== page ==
Getting started with mbed
It’s easy to get started and productive with the Mbed platform, so you can quickly pick it up when you begin your next project.
You can build your own hardware from scratch using the HDK, but here we’ll assume you are starting with an existing board.
Once you have some hardware, you’ll be able to login to the compiler and start experimenting in a matter of minutes.
Get hold of some hardware
The easiest way to get started with the mbed Platform is with an official mbed Microcontroller prototyping board or mbed-enabled partner development board. If you don’t already have one, take a look at the mbed-compatible Hardware available.
All mbed hardware appears as USB mass storage device. To start, simply plug it in, open the MBED.HTM file on the drive that appears and you’ll be able to register on the site.
You can download pre-compiled programs by just copying them it to the mbed drive and hitting reset. And when that’s working, you’re ready to get started with the online tools.
Login to the online tools
With the online compiler you can start writing and compiling embedded software straight away. You don’t need to install or configure any software on your computer; just open it by clicking “My Compiler” in the menu when you are logged in.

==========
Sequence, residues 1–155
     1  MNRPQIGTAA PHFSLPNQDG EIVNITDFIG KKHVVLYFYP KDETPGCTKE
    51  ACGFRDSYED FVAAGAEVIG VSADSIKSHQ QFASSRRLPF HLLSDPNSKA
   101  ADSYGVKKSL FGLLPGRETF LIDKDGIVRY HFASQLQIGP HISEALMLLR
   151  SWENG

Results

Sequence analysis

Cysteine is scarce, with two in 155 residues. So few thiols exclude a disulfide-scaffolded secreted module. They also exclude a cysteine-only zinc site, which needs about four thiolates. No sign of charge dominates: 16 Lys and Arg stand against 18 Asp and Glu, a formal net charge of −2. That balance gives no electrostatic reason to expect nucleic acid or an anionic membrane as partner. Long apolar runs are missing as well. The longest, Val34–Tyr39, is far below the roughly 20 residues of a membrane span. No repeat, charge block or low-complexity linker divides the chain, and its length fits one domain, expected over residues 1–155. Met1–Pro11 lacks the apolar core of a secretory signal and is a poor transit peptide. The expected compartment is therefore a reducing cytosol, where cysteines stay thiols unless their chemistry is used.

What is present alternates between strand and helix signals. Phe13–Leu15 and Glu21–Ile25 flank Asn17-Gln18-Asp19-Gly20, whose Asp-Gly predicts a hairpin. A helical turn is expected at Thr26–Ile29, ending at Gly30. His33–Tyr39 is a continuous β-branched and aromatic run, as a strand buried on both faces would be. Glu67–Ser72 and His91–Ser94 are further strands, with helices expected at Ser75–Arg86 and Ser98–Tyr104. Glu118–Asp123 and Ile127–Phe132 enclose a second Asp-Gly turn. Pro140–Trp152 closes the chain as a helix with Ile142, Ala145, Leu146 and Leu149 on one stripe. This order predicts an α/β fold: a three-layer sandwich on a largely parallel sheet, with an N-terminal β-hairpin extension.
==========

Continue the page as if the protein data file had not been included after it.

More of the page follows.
Create a program in your private workspace by clicking “New”, and by default it’ll include some simple code in main.cpp to flash an LED to get you started.
Click “Compile” and it’ll build you the binary to download to your mbed device’s drive. Once downloaded, reset the device and your program should run. Simple!
Explore the SDK and Handbook
The default program in the online compiler should feel very natural if you are a C/C++ programmer, and highlights use of the SDK’s DigitalOut API to flash the LED.
All the SDK APIs follow a simple and consistent structure designed to be very intuitive, especially for those familiar with standard microcontroller interfaces and peripherals.
The handbook provides all the documentation including “Hello World” examples for all of the APIs, so take some time explore; try interfaces like AnalogIn, SPI, Ethernet and USB.
Get involved in the community
Members of the mbed community have a large breadth and depth of knowledge in mbed and related technologies.
There are thousands of open source code repositories being shared and all members can contribute to the central cookbook wiki, so you can learn a lot just browsing around the site and using the internal search engine.
You can also use Questions area to ask and answer carefully considered and explained questions, and the Forum for more general discussions.